Written by Joan Baez in 1985 after performing at Live Aid and watching the rest of the show from her hotel room:
“I see a face I don’t recognize on the screen. It must be coming from England because the swaying audience is dotted with union jacks. The singer is dressed in black, and has long, slightly messy brown hair. He is streaming with sweat, and some of his hair is stuck to his cheek, in road map designs, making me want to brush it back. The song is cosmic, heavenly, lilting, and persistent. The singer jumps in the air and stomps around in heavy boots. He doesn’t fuck the microphone the way rock stars do when they realize that technology has made it possible for them to extend their egos out over a crowd of thousands. No, this young man is deadly serious about something, and is expressing himself with such tenderness it is enough to break my heart. He calls to the audience. They call back. He sings little bits of songs from the fifties and sixties, all in his utterly unique sound, and they sing back. He is directing a choir. They are the choir, and they are transported. Am I making all of this up? Possibly. The group’s name appears next to the Live Aid symbol superimposed over his mystical dance. U2, Live From Wembley Stadium. This is the group my fifteen-year-old advisors have told me to watch. This is the group they say is political, even pacifist. The singer is working his way down toward the crowd, jumping onto a narrow wooden skirt a few feet below the stage. He is gesturing to the crowd, waving someone toward him. He takes the long drop into the orchestra pit, and continues his sign language invitation. Eventually, a young girl is lifted bodily and handed over the fence which separates him from the crowd. She is simply passed over like an offering. She lands on her feet and is in his arms, and he dances with her. She is probably stage-struck and in shock, and her head is sweetly bent down, and for the next few seconds he is cradling her as they dance.
I can’t recall ever having seen anything like it in my life. It is an act, but it is not an act. It is a private moment, accepted by seventy thousand people. The dance is short, sensuous, and heartbreakingly tender. He breaks away from her and is helped up to the level just under the stage, and there finds another girl, dances with her the same way. All this while the percussion and hypnotic guitar continue relentlessly, lyrically, with the audience waving their arms back and forth, a part of the ritual. The singer moves back onto the stage, and, still pouring with sweat, continues with the song. His voice is nothing special. It is unsteady and it cracks. But it is compelling, as he is compelling. There is something about his seriousness which has captivated me.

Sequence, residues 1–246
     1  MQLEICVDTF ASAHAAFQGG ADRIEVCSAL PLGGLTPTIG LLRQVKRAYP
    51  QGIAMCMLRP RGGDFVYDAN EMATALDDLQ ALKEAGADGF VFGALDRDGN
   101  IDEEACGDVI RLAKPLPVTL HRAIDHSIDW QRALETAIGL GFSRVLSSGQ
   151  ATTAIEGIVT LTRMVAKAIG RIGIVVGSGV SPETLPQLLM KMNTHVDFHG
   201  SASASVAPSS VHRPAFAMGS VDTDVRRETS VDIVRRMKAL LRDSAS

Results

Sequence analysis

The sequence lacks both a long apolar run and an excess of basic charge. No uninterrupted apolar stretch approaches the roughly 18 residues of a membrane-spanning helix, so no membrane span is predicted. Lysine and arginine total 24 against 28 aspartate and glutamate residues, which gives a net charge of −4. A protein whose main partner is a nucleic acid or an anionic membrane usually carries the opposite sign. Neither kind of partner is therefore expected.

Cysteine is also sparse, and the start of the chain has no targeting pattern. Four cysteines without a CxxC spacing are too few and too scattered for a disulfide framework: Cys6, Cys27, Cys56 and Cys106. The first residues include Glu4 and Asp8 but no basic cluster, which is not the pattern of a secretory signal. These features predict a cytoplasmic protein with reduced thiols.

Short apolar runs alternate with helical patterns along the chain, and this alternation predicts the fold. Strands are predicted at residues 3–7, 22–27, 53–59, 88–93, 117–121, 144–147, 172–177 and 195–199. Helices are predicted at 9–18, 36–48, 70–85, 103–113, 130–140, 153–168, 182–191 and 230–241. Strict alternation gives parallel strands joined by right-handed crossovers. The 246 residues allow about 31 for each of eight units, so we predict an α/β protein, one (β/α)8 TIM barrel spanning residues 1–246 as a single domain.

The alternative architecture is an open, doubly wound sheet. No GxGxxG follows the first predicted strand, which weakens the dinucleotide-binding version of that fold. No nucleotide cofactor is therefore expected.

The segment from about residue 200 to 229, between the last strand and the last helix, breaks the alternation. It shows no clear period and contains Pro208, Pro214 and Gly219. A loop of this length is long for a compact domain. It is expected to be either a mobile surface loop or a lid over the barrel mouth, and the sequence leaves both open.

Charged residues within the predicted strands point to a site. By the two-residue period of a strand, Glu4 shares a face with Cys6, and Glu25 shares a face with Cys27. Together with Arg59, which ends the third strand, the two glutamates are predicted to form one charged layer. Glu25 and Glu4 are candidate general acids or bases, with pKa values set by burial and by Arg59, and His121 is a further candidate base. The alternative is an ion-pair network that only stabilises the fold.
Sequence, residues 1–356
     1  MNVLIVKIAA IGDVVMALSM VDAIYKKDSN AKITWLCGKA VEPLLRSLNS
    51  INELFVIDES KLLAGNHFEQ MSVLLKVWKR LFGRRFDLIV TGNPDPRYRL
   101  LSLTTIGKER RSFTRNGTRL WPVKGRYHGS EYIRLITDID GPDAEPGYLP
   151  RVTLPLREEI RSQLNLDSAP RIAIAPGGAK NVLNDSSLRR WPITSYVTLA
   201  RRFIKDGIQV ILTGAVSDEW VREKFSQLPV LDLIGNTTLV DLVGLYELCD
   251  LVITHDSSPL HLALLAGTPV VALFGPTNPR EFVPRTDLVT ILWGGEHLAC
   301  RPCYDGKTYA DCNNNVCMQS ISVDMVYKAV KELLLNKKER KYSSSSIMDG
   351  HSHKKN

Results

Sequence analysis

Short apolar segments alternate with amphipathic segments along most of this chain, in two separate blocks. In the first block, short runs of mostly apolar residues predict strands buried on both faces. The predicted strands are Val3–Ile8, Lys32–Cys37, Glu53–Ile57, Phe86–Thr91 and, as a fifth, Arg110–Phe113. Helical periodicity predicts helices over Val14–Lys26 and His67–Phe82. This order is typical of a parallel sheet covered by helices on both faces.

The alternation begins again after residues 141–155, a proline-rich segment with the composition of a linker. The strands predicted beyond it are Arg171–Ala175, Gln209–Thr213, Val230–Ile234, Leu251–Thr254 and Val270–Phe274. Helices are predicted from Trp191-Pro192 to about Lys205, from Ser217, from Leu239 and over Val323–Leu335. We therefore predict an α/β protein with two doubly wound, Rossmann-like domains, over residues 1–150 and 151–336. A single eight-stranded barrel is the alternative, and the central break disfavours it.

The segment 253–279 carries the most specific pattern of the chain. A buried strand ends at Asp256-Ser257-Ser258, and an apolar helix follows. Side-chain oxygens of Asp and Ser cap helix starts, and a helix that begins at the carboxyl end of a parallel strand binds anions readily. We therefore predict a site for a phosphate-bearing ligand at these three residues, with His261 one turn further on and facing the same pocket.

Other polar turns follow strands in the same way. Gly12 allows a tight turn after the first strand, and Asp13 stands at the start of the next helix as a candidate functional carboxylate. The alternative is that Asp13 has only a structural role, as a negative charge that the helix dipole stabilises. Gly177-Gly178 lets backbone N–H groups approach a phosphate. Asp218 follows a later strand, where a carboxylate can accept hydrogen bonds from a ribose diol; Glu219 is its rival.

Rock stars can look and be serious, but it is usually about themselves or their inflated vision of themselves. None of us who stand in front of a hundred thousand people hearing our voice (and band) amplified, tampered with, echoed, and smoothed into cosmic velveteen can escape certain grandiose delusions about ourselves. But this Irish lad is involved with something more than self-aggrandizement.
Granted, his ego is well intact, and he is a superb showman, but there is something more going on. And I would like to know what it is. That I would like to be wrapped up in his arms like the little English girl there is no doubt. But if my instincts are correct, there is something which preempts flirtations with him. Something bigger than him or me or us combined, or our music combined. Something to do with politics, kids, freshness, and breakthrough. And love.
Out of the hours of Live Aid that I saw by the end of the day, the high point was witnessing the magic of U2. They moved me as nothing else moved me. They moved me in their newness, their youth, and their tenderness…
I finish up someone’s warm beer…and shut my eyes. I see…the little map of hairs stuck to the youthful Christ-like face of the Irish singer from U2.”
This portrait of Bono is one of my project favorites that was not included in the magazine. He looks pensive and vulnerable, not what I expected. He was also one of the most humble and sympathetic people I have ever photographed. - Copyright Photo: @ martinschoeller
“Eddie was seeking the advice of Bono a lot. After the shows you’d see Bono and Eddie over in a corner in deep discussion.”
“I seem to always take the role of scolding them for not wanting to be pop stars I think they suffer me with some grace. Anyone in their right would do [what Pearl Jam have done]; this is actually how to have a life, how to keep your dignity.”